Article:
Proposed royal yacht stirs anger in Britain

LONDON – Should Queen Elizabeth II have a new royal yacht to celebrate her diamond jubilee and replace her beloved Britannia, the graceful vessel that carried her and the royal family on vacations, honeymoons and state visits until 1997?

Maybe. But it won’t be paid for by any loyal subjects, say her prime minister and many of her cash-strapped fellow Britons.

Word that Education Secretary Michael Gove had called for giving the queen a new yacht to mark the 60th anniversary of her monarchy was leaked to the Guardian newspaper and raised an uproar in the media Tuesday.

The Guardian reported Monday that Gove had written to Culture Secretary Jeremy Hunt in September that despite “and perhaps because of the austere times,” jubilee celebrations “should go beyond … previous jubilees.” Gove suggested “a gift from the nation to her majesty … a royal yacht” as “something tangible to commemorate this momentous occasion.”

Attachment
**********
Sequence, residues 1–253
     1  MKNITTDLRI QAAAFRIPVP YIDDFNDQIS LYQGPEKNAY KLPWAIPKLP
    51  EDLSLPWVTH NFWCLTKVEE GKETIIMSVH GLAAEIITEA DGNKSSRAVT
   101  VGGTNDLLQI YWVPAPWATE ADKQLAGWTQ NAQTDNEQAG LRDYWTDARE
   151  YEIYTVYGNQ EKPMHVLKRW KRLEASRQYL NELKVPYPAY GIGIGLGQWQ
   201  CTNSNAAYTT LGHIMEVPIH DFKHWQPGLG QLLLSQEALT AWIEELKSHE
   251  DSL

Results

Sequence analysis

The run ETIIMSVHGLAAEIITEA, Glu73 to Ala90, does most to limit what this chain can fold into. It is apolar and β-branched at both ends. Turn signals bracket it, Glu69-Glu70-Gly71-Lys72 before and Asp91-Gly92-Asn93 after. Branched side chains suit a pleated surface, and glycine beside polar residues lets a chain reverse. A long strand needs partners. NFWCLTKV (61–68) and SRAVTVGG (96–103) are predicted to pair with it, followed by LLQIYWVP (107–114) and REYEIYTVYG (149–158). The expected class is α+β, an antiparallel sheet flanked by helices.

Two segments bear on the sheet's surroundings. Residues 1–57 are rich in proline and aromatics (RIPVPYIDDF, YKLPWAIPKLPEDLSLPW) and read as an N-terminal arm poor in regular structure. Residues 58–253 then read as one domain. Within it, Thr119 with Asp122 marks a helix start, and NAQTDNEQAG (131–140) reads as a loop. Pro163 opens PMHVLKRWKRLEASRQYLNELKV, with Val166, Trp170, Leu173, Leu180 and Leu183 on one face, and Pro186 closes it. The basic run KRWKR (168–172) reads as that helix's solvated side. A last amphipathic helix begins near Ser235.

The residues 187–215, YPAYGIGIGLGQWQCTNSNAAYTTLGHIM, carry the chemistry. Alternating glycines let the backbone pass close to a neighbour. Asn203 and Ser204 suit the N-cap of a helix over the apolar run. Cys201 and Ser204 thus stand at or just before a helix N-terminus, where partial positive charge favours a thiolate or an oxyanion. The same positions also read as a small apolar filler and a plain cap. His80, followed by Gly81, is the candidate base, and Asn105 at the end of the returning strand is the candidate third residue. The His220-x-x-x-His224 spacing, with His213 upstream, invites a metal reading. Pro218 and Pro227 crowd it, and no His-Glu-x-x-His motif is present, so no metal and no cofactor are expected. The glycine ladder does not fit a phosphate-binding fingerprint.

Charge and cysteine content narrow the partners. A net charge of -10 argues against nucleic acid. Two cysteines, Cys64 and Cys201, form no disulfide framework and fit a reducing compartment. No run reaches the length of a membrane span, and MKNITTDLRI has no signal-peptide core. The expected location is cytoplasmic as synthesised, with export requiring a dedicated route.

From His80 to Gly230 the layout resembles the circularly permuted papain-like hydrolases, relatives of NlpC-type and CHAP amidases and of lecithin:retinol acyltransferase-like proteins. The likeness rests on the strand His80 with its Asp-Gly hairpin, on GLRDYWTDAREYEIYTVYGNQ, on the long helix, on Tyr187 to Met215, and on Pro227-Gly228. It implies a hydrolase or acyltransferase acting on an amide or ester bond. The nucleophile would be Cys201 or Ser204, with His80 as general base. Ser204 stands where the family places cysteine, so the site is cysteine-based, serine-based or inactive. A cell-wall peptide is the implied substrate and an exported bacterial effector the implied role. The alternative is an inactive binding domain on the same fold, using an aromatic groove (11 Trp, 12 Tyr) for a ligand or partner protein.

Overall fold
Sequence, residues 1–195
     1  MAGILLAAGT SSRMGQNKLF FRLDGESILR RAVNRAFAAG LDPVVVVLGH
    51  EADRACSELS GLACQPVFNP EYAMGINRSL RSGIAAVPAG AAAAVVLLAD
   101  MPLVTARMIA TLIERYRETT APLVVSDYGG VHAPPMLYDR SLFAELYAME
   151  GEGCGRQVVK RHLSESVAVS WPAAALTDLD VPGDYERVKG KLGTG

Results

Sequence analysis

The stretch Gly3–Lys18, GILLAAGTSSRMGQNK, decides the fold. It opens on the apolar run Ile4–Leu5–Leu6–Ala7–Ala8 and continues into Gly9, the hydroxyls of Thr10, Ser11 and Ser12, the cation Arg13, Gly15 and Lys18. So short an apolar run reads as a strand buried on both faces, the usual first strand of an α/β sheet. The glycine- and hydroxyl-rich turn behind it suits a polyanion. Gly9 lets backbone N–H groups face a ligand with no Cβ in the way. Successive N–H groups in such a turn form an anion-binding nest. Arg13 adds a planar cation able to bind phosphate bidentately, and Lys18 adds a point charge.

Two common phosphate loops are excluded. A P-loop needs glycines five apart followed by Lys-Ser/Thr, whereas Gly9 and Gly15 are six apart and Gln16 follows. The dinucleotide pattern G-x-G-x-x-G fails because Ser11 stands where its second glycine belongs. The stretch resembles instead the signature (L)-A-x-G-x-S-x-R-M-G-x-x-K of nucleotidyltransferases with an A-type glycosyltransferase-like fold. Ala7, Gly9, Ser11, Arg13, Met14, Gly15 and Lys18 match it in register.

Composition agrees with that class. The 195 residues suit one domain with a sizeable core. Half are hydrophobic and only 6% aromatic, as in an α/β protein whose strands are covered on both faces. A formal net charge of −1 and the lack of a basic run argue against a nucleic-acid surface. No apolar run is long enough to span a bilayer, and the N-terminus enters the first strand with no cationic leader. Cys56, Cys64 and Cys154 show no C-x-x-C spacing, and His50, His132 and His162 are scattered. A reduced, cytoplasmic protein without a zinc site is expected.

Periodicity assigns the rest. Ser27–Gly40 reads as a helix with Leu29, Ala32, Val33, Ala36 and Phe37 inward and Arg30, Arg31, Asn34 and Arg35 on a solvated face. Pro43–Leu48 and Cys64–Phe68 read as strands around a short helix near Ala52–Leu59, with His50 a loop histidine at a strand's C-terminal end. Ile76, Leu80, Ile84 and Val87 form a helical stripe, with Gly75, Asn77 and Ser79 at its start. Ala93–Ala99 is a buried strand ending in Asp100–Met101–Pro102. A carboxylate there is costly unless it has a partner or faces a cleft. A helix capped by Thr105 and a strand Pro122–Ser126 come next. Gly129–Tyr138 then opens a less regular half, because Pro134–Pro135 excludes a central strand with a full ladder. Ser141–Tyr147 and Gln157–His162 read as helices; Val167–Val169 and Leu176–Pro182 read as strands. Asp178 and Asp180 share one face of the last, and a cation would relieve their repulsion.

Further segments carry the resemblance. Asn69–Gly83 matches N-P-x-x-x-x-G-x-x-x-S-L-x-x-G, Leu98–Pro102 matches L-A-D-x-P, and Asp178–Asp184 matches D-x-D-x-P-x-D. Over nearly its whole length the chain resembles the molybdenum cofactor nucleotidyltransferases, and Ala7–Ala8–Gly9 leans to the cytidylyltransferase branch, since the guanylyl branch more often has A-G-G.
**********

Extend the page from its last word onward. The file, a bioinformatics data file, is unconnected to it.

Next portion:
Should there be insufficient taxpayer funds for the $90 million proposal, he wrote, private donations could be sought.

A firm no to any taxpayer funding came quickly from Prime Minister David Cameron’s office, but his press office said Tuesday that there could be support for a privately funded proposal.

Less inhibited critics vented wrath over the idea of a royal yacht, with the left-leaning Guardian leading the way. Gove’s idea had “Marie Antoinette echoes,” said its editorial.

“Britannia II will not rule the waves,” said a piece in Tuesday’s Independent editorial.


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